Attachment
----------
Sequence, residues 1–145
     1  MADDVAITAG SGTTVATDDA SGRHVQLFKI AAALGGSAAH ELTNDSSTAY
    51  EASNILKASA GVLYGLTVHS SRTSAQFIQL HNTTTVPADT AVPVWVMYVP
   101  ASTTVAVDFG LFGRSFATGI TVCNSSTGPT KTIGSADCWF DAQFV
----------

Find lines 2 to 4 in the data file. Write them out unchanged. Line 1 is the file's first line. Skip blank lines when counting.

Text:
     1  MADDVAITAG SGTTVATDDA SGRHVQLFKI AAALGGSAAH ELTNDSSTAY
    51  EASNILKASA GVLYGLTVHS SRTSAQFIQL HNTTTVPADT AVPVWVMYVP
   101  ASTTVAVDFG LFGRSFATGI TVCNSSTGPT KTIGSADCWF DAQFV